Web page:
Encryption key to privacy and security – one anyway

Written by on November 6, 2015 in Guest Blog with 0 Comments

businessman scanning of a finger on a touch screen interfaceOver the past few years, data security has left the relative obscurity of professional IT circles and is now a mainstream talking point. Breaches have become headline grabbing events and we have all been made increasingly aware of the consequences of blindly trusting companies with our personal information. This data may be financial as in the recent attack against Lloyds Bank, have the potential to be damaging to a company’s reputation like the Sony Entertainment hack or even destroy people’s personal lives such as the data breach suffered by extramarital affair site, Ashley Madison. When confronted by this new reality of fluid information transfer where nobody is afforded true, 100% ‘privacy’, Omlis recognizes that robust encryption security is the best way to protect the integrity of sensitive information.

Some governmental and law enforcement bodies (notably in the UK and US) have a different view on the uses of encryption – namely that it could be used by criminals and terrorist cells to disguise their communications. This has led to statements which condemn the practices of companies such as Apple and Google, stating that they are essentially aiding and abetting crime and calling for back-doors to be made available in services such as iMessage and WhatsApp for law enforcement agencies to monitor suspect communications. While this view has been seen by many from technology circles as coming from a relative ignorance of the potential consequences (a back-door available to law enforcement is a back-door which resourceful hackers would find a way to exploit), there are loud voices within the establishment that believe encryption is just one more tool in the criminal’s toolkit, although few concrete examples of this are yet to emerge.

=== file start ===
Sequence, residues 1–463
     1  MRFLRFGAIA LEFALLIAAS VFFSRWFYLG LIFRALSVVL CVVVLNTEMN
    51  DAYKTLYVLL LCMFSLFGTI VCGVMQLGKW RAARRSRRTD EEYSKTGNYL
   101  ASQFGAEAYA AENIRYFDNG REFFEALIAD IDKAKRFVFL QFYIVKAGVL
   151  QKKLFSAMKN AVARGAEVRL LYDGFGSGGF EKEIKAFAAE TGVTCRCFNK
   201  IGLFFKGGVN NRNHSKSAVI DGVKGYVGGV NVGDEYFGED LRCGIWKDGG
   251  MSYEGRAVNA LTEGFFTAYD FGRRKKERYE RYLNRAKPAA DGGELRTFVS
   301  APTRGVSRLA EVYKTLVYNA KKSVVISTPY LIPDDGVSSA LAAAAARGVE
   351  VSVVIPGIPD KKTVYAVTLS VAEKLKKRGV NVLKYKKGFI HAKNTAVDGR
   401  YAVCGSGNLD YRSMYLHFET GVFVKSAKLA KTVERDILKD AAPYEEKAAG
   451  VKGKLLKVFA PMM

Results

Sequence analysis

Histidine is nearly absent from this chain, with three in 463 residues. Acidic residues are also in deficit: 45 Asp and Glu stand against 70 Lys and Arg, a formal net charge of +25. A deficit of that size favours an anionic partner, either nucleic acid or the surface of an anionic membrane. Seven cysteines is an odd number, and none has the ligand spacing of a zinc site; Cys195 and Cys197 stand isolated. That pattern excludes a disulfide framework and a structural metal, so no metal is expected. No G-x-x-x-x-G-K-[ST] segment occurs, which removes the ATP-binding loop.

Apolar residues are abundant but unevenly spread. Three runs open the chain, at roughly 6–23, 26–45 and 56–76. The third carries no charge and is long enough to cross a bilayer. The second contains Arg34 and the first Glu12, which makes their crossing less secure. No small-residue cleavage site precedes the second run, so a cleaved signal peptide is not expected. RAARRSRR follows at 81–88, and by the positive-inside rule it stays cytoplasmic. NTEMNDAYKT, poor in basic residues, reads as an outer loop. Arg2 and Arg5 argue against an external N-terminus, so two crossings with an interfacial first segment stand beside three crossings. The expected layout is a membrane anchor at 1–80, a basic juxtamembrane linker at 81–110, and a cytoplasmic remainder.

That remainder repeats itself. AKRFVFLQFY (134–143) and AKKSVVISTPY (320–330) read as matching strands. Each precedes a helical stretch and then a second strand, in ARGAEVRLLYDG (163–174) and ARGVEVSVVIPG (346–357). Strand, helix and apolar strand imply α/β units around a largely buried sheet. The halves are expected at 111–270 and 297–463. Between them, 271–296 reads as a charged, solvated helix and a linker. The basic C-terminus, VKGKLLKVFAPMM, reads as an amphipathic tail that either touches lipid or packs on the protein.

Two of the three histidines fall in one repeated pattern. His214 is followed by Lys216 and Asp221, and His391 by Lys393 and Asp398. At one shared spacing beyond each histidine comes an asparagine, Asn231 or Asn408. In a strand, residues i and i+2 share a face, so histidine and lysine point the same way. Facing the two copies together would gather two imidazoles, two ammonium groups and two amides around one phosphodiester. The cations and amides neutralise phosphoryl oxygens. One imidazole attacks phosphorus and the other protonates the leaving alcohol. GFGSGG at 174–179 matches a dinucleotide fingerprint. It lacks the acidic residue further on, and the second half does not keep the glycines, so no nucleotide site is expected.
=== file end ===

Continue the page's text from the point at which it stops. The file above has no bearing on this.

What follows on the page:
“I like and believe very much that we should have to obtain a warrant from an independent judge to be able to take the content of anyone’s closet or their smartphone. The notion that someone would market a closet that could never be opened — even if it involves a case involving a child kidnapper and a court order — to me does not make any sense.”                                                James Comey – Director of the FBI

This issue has arisen alongside the growing trend of technology companies proudly announcing their privacy functions as marquee selling points. In the continued rise of the ‘big data’ phenomenon, many consumers are drawn to companies who are fighting for private communications to remain that way, with no chance of unknown parties poring over their every word, a stance which Omlis supports through its novel approach to encryption technology. The leaders in this advocacy movement see these government proposals as an outright attack against privacy.

As this saga continues to unfold, it’s unsurprising that with ongoing Edward Snowden and WikiLeaks revelations that many are hesitant to let governments interfere with the integrity of encrypted communications.

“We at Apple reject the idea that our customers should have to make tradeoffs between privacy and security. We can, and we must provide both in equal measure. We believe that people have a fundamental right to privacy.”                                                                                                                                 Tim Cook – CEO of Apple

We believe that strong encryption is essential within the rapidly evolving data marketplace as communications shift from static connectivity of PCs to the new horizons of mobile and IoT channels. While there is certainly a debate to be had concerning matters of national security and criminals’ ability to disguise their communications – it is undeniably necessary to retain the integrity of encryption services and the benefits they provide.

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Markus Milsted

About the Author

About the Author: Markus Milsted is the Founder and CEO of Omlis, based in Newcastle upon Tyne. With a background in software engineering, music, and, in particular, user engagement, he applies creative solutions and inventive methodologies to Omlis. His vision is for a future where everyone can take advantage of the benefits of completely secure mobile payments. ​ .


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